Students of this North Battleford school fund raised over $1400 in support of the Food in the Forest project that will improve food security in the rainforests of Nicaraguan and Honduras by providing seeds. livestock and agricultural training (including community gardens).
St. Teresa Elementary School students used the book One Hen along with CFCA’s Microloan stories from Uganda as the foundation for learning about the impact a small amount of financial support can have on people’s lives. The students were asked to earn $1/month during the school’s Fill a Basket Week. As there are 250 students in the school, the goal is to support one microloan in CFCA’s Microfinance & Nutrition project /month (approximately $220). Each month, they focused on one of the microloan stories as their inspiration. To date St Teresa’s has raised almost $5000!
Jennifer Dusyk Johnson, a biology teacher at Cold Lake High School participated in Change for Children’s 2010 Just Teach Tour and was inspired by the Eco-Stove initiative incorporated into CFCA’s Rural Community Water Project. She shared what she learned about eco-stoves (see article below) with students who in turn raised funds to support eco-stoves for Nicaraguan families through their Student Union dance for justice.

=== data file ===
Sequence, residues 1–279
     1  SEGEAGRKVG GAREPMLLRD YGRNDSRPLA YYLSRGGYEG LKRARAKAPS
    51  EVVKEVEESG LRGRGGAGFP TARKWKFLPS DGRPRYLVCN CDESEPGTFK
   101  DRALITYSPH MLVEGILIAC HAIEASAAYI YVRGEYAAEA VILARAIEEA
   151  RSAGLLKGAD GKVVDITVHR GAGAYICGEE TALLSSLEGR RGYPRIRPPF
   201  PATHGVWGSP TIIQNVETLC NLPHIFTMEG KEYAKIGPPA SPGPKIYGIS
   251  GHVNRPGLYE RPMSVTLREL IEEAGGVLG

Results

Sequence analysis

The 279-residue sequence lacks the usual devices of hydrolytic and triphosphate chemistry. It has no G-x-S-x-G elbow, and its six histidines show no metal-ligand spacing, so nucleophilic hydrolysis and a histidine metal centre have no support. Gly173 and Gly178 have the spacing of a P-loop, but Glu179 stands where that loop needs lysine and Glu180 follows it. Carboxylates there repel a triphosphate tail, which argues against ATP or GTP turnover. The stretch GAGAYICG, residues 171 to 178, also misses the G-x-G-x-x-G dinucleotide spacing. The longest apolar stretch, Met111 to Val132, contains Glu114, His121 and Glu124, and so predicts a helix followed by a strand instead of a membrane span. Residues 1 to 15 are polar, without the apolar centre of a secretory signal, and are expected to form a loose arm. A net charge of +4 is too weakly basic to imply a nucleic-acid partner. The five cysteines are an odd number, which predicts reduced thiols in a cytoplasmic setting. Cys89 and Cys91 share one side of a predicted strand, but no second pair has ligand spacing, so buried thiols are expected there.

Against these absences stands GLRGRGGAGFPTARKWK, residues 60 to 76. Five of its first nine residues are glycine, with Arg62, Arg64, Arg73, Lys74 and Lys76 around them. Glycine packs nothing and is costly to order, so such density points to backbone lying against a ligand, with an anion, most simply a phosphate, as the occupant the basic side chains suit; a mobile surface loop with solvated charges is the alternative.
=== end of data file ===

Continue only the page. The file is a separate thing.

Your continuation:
St. Angela’s school has been devoted to being water-aware, learning daily water-facts…
Their recent spell-a-thon raised a remarkable $17,000+ – $10,000 of which will support the drilling of a community water-well in Nicaragua.
The aim of the school’s year-long water project is to increase appreciation of this precious resource both locally and globally. To wrap up the initiative, in May St. Angela’s students celebrated a Water Fair day, hosted in partnership with Change for Children and the North Saskatchewan Riverkeepers. Although this year’s water project is wrapping up, St. Angela’s is planning to continue water education next year.
For more resources & projects related to water learning click here.
The staff and students at St. Matthew School undertook a Lenten fundraising project entitled “Sing for Change” with all proceeds donated to Change for Children in support of educational programs. All students, grades kindergarten thru grade 6 learned to sing the song “I’d like to Teach the World to Sing.” This song was selected because it speaks to building and inspiring hope within the community. The students were then encouraged to sing this song to their family members or close friends in exchange for change/donations. St. Matthew School students raised over $3500 with their Sing for Change project proving just how powerful their voices are!